Though hostilities were carried on with such vigour and apparent rancour in the trenches and on the breach, yet there were frequent suspensions of operations, and the distinguished French generals, on such occasions, derived much pleasure from visiting Sir Sidney on board the Tigre. On one of these occasions, and after the . besieging party had made some progress, Generals Kleber and Junot were, with Sir Sidney Smith, walking the quarter-deck of the Tigre in a very amiable mood of amicability, one on each side the English commander-in-chief.

After a few turns in silence, Junot, regarding

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the battered fortifications that lay before him, and they being dwindled by distance into much insignificancy, thus broke out in the spirit of false prophecy

• Commodore, mark my words ! three days hence, by this very hour, the French tricolor shall be flying on the remains of that miserable town.”

Sir Sidney very quickly replied, “ My good general, before you shall have that town, I will blow it and you to Jericho.”

Bien obligé! very much obliged,” Kleber observed ; “ much obliged indeed-it will be all in our way to India.”

With all my heart,” rejoined Sir Sidney, “ I shall be most happy to assist you, Bonaparte, and your whole army, forward in that style; and we will commence as soon as you please.”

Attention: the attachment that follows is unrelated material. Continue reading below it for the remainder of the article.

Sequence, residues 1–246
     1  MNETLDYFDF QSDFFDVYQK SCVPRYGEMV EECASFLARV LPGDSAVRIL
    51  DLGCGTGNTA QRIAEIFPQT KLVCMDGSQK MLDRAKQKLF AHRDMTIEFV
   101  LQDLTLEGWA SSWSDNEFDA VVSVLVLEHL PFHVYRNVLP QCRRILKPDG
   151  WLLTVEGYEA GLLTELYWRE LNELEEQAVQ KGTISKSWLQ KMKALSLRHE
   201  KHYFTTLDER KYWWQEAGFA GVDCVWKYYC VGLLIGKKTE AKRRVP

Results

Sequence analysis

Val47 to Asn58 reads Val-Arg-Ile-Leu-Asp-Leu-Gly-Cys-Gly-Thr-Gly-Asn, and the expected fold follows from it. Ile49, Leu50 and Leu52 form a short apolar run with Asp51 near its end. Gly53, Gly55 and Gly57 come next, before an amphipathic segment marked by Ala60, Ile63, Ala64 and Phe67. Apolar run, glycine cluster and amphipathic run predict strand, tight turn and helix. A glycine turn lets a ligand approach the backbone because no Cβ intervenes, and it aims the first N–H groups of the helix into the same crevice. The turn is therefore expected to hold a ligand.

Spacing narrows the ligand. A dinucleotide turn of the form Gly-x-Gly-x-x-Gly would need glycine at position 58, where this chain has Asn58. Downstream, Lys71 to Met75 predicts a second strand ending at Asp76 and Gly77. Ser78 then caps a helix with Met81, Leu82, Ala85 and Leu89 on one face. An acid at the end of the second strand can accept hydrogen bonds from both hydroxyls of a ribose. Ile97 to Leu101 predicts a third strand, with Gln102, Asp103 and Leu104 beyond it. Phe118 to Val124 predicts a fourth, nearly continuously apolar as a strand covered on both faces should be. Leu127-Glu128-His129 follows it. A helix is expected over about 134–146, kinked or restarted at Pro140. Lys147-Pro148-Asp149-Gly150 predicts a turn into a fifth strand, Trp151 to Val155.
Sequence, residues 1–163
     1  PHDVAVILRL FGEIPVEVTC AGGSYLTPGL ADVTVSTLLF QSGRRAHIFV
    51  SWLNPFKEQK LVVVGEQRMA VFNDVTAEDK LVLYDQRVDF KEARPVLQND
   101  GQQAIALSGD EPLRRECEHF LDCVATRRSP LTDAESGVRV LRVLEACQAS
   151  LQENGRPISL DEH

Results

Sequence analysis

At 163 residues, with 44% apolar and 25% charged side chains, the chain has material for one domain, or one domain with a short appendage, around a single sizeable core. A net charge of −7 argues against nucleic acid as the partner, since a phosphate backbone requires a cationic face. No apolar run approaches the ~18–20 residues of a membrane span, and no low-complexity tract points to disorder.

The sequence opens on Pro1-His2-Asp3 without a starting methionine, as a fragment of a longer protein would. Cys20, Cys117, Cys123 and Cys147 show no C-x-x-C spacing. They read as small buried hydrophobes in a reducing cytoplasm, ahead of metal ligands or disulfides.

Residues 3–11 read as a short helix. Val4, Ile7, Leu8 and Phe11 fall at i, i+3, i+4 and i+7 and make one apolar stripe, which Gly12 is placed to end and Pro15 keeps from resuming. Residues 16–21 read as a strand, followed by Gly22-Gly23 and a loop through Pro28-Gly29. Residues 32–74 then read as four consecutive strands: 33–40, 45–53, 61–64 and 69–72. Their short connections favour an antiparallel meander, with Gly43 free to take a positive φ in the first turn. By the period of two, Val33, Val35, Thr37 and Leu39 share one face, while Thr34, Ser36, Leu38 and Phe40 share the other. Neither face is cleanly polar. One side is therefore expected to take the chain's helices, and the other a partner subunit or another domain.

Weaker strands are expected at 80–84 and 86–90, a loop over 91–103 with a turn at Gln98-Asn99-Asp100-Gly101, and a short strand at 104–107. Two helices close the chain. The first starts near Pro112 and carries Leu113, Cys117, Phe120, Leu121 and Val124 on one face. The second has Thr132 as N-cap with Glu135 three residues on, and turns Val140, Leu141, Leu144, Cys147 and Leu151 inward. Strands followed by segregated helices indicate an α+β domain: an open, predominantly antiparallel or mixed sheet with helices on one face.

The offer, though very kindly made, was neither accepted nor replied to.

Nine times had the enemy attempted to storm the trench, and on each occasion had been beaten back with profuse slaughter, such was the determined bravery opposed to their desperate assaults, when, on the fifty-first day of the siege, the long-expected and anxiously looked for reinforcements, under Hassan Bey, appeared in the

distance. Before its junction could be effected, and relief thrown into the town, Bonaparte was resolved to do the utmost that his genius and the bravery of his army could achieve. His efforts were, therefore, renewed with the most impetuous vigour, whilst, on the part of the besieged, they were met with a corresponding spirit. AII that skill and bravery could perform was mutually displayed. Under all disadvantages, the enemy, however, continued to advance, and at length got possession of the long-disputed northeast tower. This they accomplished, not by the explosion of the mine, but, having battered down the upper part of the structure, they ascended over the ruins, and, at daylight on the fifty-second morning of the siege, the tricolored flag was seen floating on the outer angle of the tower.

This display damped, considerably, the enterprise of the Turkish soldiers, and the fire of the besieged on the French lines was sensibly slackened. The enemy had also, during the night, obtained another important advantage, having been enabled to construct two traverses that completely screened them from the flanking fire of the Tigre and the Theseus, which, till then, had taken deadly effect upon every advance towards the breach. These two traverses were thrown up directly across the ditch, and were constructed with dead bodies intermingled with sandbags.